By law, citizens may not deliver sermons or explain religious principles in public without obtaining a license to do so from the MIA. Imams may not prepare Friday sermons without government authorization. To obtain a license to preach, the law specifies an individual must be a Sunni Muslim, must have a degree in religious studies, and must not have been convicted of a crime in sharia court. The law also sets educational standards for imams to ensure they have theological qualifications the government considers adequate. Government regulations stipulate the requirements for preaching and contain general principles for the delivery of religious sermons. The regulations prohibit statements in sermons which may be interpreted as racial or gender discrimination; discourage access to education or health services in the name of Islam; or demean the character of, or create hatred towards, people of any other religion. The law provides for a punishment of two to five years in prison or house arrest for violations of these provisions. Anyone who assists in such a violation is subject to imprisonment or house arrest for two to four years and a fine between 5,000-20,000 rufiyaa ($330-$1,322). The law requires foreign scholars to shape their sermons in line with the country’s norms, traditions, culture, and social etiquette.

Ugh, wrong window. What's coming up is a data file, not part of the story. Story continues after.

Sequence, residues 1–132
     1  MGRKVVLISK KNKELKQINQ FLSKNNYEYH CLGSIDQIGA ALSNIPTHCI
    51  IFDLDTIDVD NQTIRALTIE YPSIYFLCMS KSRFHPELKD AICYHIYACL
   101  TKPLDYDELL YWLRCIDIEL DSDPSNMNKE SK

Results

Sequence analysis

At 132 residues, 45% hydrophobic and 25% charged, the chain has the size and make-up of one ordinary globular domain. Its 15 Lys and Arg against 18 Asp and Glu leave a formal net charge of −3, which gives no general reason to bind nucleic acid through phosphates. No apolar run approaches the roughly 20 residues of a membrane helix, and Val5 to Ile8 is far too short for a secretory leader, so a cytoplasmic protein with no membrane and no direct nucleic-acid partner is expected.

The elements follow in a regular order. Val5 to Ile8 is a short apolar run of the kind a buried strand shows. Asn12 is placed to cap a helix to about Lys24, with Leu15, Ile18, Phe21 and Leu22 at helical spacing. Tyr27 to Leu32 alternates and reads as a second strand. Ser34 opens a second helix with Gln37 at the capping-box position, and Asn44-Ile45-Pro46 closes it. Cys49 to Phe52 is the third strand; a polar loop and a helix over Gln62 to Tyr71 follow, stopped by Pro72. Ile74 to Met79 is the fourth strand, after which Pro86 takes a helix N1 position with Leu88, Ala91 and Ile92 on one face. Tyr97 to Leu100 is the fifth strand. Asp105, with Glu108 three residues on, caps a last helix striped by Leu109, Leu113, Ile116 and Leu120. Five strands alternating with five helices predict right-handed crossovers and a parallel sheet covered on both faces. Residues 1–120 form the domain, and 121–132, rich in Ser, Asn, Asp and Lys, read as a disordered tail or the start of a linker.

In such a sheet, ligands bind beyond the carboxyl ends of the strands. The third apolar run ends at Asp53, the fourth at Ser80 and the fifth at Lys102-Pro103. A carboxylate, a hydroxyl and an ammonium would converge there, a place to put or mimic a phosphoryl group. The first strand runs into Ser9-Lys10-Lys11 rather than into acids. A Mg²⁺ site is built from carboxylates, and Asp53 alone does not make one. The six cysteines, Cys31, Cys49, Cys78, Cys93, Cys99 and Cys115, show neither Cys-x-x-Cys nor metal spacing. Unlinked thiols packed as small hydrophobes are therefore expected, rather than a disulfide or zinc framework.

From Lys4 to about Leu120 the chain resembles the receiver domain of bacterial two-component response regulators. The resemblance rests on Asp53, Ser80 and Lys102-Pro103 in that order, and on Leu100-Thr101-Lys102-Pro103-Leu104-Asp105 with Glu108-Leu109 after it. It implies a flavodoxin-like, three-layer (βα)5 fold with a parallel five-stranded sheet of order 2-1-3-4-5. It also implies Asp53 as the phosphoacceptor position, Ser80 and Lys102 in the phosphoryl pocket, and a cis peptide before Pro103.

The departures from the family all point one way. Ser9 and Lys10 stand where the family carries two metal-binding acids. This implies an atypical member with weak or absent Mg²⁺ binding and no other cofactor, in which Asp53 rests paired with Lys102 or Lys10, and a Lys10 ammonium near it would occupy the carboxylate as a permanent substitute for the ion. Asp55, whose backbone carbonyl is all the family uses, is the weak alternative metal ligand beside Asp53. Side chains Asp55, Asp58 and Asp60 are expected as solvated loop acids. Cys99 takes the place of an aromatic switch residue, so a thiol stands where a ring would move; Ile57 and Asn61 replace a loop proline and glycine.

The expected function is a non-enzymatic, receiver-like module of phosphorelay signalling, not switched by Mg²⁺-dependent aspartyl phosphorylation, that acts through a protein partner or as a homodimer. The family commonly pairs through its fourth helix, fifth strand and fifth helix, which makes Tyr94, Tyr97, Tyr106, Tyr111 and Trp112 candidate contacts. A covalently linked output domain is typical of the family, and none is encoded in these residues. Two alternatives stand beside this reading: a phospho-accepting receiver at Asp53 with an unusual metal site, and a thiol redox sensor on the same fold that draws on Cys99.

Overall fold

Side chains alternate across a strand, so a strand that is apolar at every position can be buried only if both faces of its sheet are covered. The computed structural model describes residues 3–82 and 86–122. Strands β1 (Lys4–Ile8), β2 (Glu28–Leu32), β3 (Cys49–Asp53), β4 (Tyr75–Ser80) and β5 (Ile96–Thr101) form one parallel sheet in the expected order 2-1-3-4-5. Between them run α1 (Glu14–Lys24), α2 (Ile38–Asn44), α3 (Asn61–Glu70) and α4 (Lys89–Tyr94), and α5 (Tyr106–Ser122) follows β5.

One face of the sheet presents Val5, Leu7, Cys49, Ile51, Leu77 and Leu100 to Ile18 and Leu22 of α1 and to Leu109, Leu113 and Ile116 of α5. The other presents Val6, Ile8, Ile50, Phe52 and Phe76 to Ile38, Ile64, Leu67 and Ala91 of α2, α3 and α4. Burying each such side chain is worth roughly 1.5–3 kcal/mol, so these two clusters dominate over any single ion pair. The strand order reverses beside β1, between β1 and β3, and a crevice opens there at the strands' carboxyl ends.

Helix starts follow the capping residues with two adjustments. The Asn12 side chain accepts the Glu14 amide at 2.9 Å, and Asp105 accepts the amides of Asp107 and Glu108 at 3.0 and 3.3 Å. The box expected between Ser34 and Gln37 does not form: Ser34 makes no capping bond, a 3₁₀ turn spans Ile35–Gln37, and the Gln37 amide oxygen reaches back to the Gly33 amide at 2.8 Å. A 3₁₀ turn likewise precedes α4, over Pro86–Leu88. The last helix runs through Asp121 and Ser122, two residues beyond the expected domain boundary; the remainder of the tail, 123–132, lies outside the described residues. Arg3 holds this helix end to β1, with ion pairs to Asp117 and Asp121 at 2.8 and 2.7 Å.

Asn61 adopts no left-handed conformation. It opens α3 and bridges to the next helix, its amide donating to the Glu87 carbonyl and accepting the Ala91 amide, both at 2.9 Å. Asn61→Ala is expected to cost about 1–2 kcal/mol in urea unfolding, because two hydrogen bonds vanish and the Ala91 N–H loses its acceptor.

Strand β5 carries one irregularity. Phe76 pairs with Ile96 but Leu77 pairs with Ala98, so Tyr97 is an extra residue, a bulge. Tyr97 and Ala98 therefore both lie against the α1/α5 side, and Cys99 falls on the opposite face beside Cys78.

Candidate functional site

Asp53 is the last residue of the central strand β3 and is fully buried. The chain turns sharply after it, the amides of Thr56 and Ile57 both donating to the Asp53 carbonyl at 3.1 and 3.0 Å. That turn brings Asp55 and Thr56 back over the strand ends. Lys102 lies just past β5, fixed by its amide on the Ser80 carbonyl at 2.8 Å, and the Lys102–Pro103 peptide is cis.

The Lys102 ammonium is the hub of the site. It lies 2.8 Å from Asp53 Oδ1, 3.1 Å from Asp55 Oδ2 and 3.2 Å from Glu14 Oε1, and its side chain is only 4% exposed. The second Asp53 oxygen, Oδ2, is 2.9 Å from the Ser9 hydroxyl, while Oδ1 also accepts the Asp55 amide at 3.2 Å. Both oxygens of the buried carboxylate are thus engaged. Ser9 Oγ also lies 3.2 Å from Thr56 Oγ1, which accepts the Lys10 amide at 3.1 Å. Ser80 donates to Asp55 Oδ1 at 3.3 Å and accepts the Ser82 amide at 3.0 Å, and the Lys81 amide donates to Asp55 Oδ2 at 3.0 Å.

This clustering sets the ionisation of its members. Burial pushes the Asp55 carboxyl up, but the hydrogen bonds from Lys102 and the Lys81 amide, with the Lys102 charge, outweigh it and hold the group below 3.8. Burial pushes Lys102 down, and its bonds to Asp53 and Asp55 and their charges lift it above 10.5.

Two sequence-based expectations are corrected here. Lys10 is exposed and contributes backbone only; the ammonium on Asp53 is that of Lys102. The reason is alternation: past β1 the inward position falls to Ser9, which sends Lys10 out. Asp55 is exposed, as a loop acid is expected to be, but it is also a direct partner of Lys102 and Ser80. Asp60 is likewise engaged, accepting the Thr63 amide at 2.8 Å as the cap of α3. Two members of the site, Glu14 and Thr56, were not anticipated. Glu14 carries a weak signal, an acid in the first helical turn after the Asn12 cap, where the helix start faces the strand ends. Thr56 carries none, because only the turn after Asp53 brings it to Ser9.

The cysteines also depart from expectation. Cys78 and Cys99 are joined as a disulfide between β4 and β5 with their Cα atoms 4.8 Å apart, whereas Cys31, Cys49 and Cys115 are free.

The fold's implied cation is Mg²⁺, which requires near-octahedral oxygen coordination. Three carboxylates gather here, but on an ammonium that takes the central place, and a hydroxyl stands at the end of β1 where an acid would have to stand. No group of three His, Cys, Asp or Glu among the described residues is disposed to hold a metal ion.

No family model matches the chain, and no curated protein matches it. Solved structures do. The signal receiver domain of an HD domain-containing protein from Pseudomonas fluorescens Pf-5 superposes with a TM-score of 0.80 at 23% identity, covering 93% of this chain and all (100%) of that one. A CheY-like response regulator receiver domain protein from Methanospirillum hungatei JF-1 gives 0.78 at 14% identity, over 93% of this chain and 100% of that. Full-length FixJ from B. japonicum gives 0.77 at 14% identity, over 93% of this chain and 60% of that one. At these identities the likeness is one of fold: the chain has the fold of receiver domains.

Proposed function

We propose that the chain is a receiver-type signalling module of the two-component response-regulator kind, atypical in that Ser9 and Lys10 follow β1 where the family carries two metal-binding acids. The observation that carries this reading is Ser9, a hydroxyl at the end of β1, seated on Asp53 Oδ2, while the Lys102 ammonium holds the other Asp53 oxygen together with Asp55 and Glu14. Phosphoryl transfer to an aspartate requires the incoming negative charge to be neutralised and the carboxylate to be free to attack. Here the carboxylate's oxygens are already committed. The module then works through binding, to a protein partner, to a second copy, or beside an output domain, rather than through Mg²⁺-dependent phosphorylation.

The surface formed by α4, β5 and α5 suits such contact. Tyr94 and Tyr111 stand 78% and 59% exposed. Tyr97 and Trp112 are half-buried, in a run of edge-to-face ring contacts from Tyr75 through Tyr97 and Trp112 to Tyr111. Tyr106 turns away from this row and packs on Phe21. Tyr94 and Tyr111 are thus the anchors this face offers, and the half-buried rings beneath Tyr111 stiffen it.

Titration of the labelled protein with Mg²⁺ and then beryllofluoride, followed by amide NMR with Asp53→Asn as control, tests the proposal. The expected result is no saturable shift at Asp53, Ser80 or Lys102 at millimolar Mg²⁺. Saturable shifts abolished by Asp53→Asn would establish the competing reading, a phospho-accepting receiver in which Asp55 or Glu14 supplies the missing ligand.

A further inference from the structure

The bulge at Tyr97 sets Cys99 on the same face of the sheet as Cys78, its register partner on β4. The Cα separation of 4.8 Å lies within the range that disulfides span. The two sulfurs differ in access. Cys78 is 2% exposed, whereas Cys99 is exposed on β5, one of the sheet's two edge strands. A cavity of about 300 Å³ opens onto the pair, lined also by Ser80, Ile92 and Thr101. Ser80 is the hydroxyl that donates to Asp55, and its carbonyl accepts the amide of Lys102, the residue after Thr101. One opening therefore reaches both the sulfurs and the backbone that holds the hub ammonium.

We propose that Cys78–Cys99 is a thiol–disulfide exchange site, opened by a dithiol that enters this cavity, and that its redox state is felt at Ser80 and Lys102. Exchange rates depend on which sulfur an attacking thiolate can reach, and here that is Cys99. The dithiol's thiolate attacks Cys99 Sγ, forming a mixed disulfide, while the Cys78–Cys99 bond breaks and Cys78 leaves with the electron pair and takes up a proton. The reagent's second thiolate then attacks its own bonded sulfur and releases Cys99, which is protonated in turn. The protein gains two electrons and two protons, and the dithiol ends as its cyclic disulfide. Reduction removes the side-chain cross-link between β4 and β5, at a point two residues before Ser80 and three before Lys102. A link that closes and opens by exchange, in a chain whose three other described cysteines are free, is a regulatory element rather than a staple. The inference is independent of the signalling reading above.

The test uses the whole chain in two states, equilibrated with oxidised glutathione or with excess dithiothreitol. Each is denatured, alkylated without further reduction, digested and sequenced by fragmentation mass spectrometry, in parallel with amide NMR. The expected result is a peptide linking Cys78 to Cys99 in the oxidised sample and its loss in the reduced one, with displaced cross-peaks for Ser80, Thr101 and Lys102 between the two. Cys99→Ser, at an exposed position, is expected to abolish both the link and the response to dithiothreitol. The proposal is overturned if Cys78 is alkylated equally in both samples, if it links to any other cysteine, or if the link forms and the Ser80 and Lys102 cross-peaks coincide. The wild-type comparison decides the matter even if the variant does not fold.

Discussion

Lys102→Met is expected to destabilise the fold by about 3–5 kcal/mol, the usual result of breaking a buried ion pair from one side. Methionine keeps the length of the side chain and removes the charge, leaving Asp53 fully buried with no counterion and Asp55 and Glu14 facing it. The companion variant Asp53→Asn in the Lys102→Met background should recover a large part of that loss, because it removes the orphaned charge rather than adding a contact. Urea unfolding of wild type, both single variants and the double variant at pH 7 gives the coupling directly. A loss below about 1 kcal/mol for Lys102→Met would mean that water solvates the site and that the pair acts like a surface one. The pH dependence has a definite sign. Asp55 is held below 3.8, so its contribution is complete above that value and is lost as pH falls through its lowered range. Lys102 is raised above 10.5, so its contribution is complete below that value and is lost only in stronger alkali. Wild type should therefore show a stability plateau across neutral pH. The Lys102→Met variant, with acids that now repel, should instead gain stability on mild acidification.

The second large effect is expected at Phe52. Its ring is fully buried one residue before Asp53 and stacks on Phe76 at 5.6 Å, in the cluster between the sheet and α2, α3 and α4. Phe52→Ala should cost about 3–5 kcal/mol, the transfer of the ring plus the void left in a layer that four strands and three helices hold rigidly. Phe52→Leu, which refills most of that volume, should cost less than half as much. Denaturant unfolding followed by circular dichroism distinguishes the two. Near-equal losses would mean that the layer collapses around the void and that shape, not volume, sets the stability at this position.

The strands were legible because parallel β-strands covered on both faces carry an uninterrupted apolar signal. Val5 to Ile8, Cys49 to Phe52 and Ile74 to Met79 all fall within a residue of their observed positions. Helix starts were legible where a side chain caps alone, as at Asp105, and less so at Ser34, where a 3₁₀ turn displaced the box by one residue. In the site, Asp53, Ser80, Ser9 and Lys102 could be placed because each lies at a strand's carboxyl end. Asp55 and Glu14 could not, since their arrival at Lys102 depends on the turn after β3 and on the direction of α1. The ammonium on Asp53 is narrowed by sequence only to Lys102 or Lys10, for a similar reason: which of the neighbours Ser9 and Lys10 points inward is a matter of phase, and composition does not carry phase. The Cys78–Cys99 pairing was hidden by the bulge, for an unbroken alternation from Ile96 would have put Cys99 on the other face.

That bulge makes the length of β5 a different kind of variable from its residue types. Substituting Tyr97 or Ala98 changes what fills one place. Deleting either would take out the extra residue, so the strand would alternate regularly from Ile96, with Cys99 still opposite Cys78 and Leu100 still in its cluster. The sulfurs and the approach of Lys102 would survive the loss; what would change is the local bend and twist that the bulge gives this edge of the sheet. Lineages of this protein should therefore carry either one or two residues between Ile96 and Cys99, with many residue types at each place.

Propagation of any religion other than Islam is a criminal offense. Proselytizing to change denominations within Islam is illegal and punishable by two to five years in jail or house arrest, depending on the gravity of the offense. If the offender is a foreigner, his or her license to preach in the country will be revoked, and he or she will be deported. Proselytizing to Muslims by adherents of other religions is illegal, and the penalty is the same as for intra-Islamic proselytizing.
By law, prayer houses remain under the control of the MIA rather than the country’s island councils. The law prohibits the establishment of places of worship for non-Islamic religious groups.
The law prohibits noncitizens living in or visiting the country from conducting religious activities in public.
By law, a Maldivian woman may not marry a non-Muslim foreigner unless he converts to Islam first. A Maldivian man may marry a non-Muslim foreigner if the foreigner is Christian or Jewish; other foreigners must convert to Islam prior to marriage.